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Heart Inflammation in Rheumatoid Arthritis

While scientists are scrambling to develop new treatments for complications in COVID-19, doctors on the frontlines need to act quickly with the tools that are available today.

Anecdotal reports and a few very small studies have suggested that hydroxychloroquine (a drug used to prevent malaria and treat inflammatory conditions like lupus and rheumatoid arthritis) and azithromycin (an antibiotic often called a Z-Pak) might be an effective combination. President Trump has been a particularly vocal proponent of using these drugs to treat COVID-19; in several instances he suggested that there was no harm in trying them.

Doctors familiar with prescribing hydroxychloroquine and azithromycin, however, know that these drugs do in fact have potential side effects, namely that they have the potential to cause arrhythmias (irregular heartbeat) and even sudden cardiac death, which means that the heart suddenly stops beating. (It is different from a heart attack, which occurs when blood flow to the heart muscle is blocked.)

In a statement issued last week, three professional cardiology groups — the American Heart Association, the American College of Cardiology, and the Heart Rhythm Society — issued a joint statement warning that either of these drugs can cause serious arrhythmias that may lead to sudden cardiac death. Using these medications together might be even riskier, but the combination hasn’t been studied. The statement was published in the journal Circulation.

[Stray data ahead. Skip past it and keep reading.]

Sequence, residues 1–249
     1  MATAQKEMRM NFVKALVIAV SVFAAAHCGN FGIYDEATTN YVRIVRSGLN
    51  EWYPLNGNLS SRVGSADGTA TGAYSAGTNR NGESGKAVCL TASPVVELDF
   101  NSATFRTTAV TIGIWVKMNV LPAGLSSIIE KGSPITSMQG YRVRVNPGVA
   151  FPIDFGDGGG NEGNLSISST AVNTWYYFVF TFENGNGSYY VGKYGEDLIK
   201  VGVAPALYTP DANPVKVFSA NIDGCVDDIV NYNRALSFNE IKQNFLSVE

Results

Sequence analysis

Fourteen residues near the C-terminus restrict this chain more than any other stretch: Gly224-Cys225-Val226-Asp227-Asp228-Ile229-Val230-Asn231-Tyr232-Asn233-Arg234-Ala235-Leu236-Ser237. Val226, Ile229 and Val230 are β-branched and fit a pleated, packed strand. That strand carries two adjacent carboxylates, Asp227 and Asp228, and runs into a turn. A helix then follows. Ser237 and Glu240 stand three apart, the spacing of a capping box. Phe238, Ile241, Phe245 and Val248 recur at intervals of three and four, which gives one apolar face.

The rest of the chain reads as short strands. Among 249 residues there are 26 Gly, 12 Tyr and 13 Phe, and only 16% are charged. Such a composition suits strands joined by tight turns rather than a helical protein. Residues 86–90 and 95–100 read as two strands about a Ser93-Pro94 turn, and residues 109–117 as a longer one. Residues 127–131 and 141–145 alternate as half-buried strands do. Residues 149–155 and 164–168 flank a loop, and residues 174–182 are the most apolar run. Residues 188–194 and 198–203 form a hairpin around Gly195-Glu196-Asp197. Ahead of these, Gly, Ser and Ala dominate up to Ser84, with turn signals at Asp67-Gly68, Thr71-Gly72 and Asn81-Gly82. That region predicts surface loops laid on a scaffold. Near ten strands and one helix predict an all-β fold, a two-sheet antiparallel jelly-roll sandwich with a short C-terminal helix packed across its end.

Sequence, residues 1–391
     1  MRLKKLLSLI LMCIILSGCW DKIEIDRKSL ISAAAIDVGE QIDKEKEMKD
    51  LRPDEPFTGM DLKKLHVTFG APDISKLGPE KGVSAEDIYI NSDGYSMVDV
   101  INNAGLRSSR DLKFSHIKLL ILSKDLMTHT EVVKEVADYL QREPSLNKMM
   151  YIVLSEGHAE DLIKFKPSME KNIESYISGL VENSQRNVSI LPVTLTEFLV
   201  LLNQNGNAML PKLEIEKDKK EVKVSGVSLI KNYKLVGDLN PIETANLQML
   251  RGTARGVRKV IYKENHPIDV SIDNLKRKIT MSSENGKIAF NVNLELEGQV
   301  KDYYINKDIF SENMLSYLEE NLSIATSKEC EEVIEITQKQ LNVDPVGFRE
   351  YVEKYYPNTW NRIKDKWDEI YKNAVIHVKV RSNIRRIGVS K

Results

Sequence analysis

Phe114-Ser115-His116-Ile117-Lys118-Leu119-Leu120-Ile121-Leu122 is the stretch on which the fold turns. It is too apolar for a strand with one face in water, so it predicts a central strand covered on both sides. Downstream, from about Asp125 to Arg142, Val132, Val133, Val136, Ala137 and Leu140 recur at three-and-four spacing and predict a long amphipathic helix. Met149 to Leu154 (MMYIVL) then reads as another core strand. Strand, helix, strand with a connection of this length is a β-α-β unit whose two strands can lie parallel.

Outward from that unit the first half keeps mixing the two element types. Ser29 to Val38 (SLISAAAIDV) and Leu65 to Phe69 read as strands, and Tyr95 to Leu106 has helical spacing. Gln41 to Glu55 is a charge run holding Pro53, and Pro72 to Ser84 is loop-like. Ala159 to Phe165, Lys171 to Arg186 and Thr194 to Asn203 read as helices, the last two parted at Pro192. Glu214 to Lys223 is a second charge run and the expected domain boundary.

In the general population, the chance that either of these drugs will cause heart trouble is fairly low, but it does happen. People at greatest risk include those who already have cardiovascular disease.

According to the joint statement, people with low levels of potassium, low levels of magnesium, and those “in an inflammatory state” also face an elevated risk, as do those who have a fever (which includes many COVID-19 patients who are sick enough to potentially warrant experimentation with these drugs).

The authors recommended not using these drugs in patients who have a specific heart rhythm problem called prolonged QT. They also suggested that COVID-19 patients who are being treated with these drugs be monitored as closely as possible with EKGs while undergoing treatment.

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Centers for Disease Control and Prevention: “Information for Clinicians on Therapeutic Options for Patients with COVID-19.” April 7, 2020. https://www.cdc.gov/coronavirus/2019-ncov/hcp/therapeutic-options.html.

Otto, M. “Cardiology Groups Push Back on Hydroxychloroquine, Azithromycin for COVID-19.” Medscape. April 9, 2020. https://www.medscape.com/viewarticle/928456.

Roden, et al. “Drug Interactions on QTc in Exploratory COVID-19 Treatment.” Circulation. April 8, 2020. doi: http://dx.doi.org/10.1161/CIRCULATIONAHA.120.047521.

Taylor M, et al. Pressed by Trump, U.S. Pushed Unproven Coronavirus Treatment Guidance. Medscape. April 7, 2020. https://www.medscape.com/viewarticle/928169.

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